This year the company invested in elaborate makeup displays for retailers with clout in the market and ample space.
In 1996, Lauder’s Italian operations, which rank third in Europe for the company, showed an 11 percent increase in sales volume. Similar growth is projected for this year. Parfums et Beaute, a division of the Paris-based L’Oreal, is sending new merchandising units to its top 150 clients. “We invested nearly $361,400 for special units to display men’s and women’s fragrances together,” stated Franco Sgardello, managing director of the Milan-based company.
“This is a year of tests — we’re spending more on in-store support than on traditional advertising and have set out to correct excesses caused by a weakened lira,” he said.
The company experienced limited growth in 1996 and expects the same for 1997. A fall in Cacharel sales was offset by a 25 percent increase in Armani fragrance volume.
Perfumeries have given high marks to Christian Dior Italia for its strong in-store support through training programs, special makeup and beauty service sessions and a superior logistics system, thanks to a new state-of-the-art warehouse facility in Pisa.
For 1996, Dior’s sales in Italy grew 5 percent to $60 million (100 billion lire), which the company hopes to surpass in 1997, according to Scarpa.
“Last year was difficult, but we continued to support stores when many companies couldn’t,” said Gabriella Scarpa, who has been managing director since 1991. “We’re very close to the stores and always looking to improve relations.”
Back in 1992, the company revamped its distribution to gain better control and eliminate risky retailers.
A rapidly evolving distribution system has not eliminated a host of practices that irk manufacturers. Many view price-slashing promotions as an infringement on their prestige business and report that gift-with-purchase giveaways are frequently sold rather than properly used.
It is a little discussed but widespread practice in Italy for owners of perfumeries to swap merchandise, resulting in brands falling into the hands of unauthorized retailers.
In addition, discounting worsened last year. In the second half, price wars heated up, especially in Naples and the Veneto region, where discounts ran as high as 35 and 40 percent, compared to the 20 percent industry average.
Consequently, companies have implemented more stringent controls. Lauder grades retailers via a classification system to ensure that the stores meet standards and hit sales targets.
“We’re more rigid in Italy because of credit difficulties and sell exclusively on a store-by-store basis,” Garcea said. “But we have no worries regarding the gray market.”
Tightening its sales network, Parfums et Beaute recently reduced distribution of the Cacharel fragrances by 300 to a total of 1,860 perfumeries.
It is seeking new doors for its Ralph Lauren brand, whose distribution has been reduced slightly to about 1,155 stores. “Our strategy marks a return to the brand with a series of new merchandising initiatives,” Sgardello said.
Beauty companies, sticklers for traditional forms of advertising like print and radio, are experimenting with glitzy promotional strategies like sampling at movie theaters and discotheques.
For the launch of Envy, Cosmopolitan Cosmetics, Wella’s newly named prestige fragrance division here, hired sales assistants to disseminate perfumery invitations and samples in big cities like Rome, Milan and Naples.
“It was a huge success,” stated Nicholas Wilkinson, division director. “Micro-marketing works here.”
Garcea added, “We get great returns with cooperative advertising, it’s a good linkage and constantly improving. But for the launch of Estee Lauder Pleasures, we hired attractive models to hand out perfume samples in key Italian cities and the approach worked.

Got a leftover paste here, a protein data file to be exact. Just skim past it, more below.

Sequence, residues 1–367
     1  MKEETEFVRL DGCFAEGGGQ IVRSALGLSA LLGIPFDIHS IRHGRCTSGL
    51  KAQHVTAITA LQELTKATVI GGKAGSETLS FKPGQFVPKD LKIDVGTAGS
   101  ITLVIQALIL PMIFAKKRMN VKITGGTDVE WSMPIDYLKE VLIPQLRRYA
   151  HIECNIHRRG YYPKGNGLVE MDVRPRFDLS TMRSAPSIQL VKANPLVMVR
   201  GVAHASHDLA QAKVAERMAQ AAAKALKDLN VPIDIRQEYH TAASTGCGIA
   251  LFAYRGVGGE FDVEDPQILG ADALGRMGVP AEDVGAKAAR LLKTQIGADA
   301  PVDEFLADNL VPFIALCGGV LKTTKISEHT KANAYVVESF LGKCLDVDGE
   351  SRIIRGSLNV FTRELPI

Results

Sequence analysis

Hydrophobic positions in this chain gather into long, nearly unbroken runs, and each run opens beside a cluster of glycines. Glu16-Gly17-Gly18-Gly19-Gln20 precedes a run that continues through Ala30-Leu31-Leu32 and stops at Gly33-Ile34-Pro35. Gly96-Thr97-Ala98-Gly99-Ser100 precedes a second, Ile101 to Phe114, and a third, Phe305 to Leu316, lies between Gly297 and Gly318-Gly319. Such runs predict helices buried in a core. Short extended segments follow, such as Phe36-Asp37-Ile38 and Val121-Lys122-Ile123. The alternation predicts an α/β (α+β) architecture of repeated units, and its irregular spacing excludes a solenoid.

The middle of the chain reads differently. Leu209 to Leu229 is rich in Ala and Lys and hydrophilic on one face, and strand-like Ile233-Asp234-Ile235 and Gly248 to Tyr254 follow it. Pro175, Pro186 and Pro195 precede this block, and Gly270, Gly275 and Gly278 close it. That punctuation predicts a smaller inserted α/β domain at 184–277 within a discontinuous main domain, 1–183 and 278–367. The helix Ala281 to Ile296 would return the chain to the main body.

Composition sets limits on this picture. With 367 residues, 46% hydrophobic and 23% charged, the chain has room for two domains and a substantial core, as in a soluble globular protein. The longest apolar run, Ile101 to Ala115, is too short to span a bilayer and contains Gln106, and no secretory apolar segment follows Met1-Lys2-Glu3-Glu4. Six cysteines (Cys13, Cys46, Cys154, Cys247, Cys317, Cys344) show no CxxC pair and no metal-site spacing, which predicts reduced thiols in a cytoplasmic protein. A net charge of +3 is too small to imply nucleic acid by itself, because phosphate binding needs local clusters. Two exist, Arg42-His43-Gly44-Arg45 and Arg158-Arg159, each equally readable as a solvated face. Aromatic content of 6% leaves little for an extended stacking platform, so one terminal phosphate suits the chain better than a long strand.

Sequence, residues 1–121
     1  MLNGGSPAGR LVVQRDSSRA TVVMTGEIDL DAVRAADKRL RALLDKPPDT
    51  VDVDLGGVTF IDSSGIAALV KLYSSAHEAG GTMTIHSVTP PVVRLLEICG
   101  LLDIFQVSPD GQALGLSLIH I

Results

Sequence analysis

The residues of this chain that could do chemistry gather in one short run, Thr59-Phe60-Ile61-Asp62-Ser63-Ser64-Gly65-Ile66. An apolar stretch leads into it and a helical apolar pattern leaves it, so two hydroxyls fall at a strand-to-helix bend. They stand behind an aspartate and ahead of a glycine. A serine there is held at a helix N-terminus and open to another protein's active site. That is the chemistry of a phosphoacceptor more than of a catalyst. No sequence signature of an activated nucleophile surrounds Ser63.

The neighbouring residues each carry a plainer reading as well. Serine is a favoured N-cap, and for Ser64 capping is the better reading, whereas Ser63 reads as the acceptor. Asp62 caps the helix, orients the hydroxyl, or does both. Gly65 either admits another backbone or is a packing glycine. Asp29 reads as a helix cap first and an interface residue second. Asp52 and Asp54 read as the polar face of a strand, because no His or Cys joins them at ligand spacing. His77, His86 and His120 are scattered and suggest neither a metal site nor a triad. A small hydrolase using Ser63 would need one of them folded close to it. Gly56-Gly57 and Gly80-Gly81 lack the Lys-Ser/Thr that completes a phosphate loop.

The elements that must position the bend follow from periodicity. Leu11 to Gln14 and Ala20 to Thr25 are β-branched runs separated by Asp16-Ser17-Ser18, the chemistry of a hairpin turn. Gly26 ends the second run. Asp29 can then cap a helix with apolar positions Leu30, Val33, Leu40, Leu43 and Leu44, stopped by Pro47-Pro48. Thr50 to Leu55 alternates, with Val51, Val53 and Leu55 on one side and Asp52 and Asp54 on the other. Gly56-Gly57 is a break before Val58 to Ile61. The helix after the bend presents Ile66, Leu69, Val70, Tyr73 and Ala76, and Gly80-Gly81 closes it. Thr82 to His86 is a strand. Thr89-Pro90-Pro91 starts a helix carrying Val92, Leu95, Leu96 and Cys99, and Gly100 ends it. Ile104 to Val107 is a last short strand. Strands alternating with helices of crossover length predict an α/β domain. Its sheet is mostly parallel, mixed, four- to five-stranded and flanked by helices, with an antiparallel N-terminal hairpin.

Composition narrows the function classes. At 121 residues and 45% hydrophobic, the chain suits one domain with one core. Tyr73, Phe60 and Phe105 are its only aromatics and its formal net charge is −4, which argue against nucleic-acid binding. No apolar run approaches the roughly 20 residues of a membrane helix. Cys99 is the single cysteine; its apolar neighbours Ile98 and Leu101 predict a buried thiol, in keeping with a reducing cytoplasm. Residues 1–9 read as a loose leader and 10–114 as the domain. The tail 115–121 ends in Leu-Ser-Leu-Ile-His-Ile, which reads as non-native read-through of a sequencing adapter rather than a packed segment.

“When we present [Tommy Hilfiger’s] Tommy in September,” he continued, “we’re thinking big with plans for outdoor campaigns and promotions at discotheques, gyms and rock concerts.”
Loft, a Monte Carlo-based company, acquired the license to produce the Gigli and Ozbek fragrances from Proteo. It currently handles production and global distribution of Alyssa Ashley perfume. Atkinsons, Unilever’s Milan-based division, recently finalized its first licensing agreement for a signature fragrance for Milan-based designer Alviero Martini, which is known for Prima Classe luggage and leather accessories.
Seeking European beauty brands to distribute, Trussardi Parfums changed its name to International Cosmetics and Perfumes and will present a duo of fragrances for the “young generation” on the eve of Cosmoprof.
Companies plowing ahead with new beauty projects include advertising wizard Diesel. In June, the jeans and sportswear company will unveil an “unconventional” unisex scent, with an ad campaign to boot.
Bulgari has created an Eau Fraiche version of Bulgari Pour Femme, which will roll out to Italian stores in June.
On May 7, Diana de Silva cosmetiques SpA will introduce Mediterr-Hanorah, an unusual skin treatment for the Hanorah, it uses ingredients commonly found in the Mediterranean diet.
De Silva also will unveil two new Byblos fragrances, called Fuoco and Ghiaccio, or “fire and ice.” In addition there will be new line extension products to the Cielo, Mare and Terra fragrance group.
ICR, which still manufactures a small part of Versace’s fragrance production, is back in the fragrance market, with a licensing deal with Rome-based designer Guy Matteolo. The company is expected to show Matteolo’s first signature scent at Cosmoprof.
New products used to leave retailers scrambling for space, but bigger stores and restructuring projects may ease growing pains. Bent on bringing the product closer to clients, Rinascente Group initiated major renovations at the Milan flagship’s cosmetics area.
The six-door Grasso Profumerie of Messina is opening a three-floor, 350-square-foot perfumery in Palermo this month with a massive cosmetics corner staffed by participating beauty companies.
“The Italian perfumery of 2000 will resemble Niketown,” predicted Sgardello. “It will be show business-driven because there will be a lot of competition for consumers’ free time. There’s still much to do. We need the big retailers to revolutionize the industry.”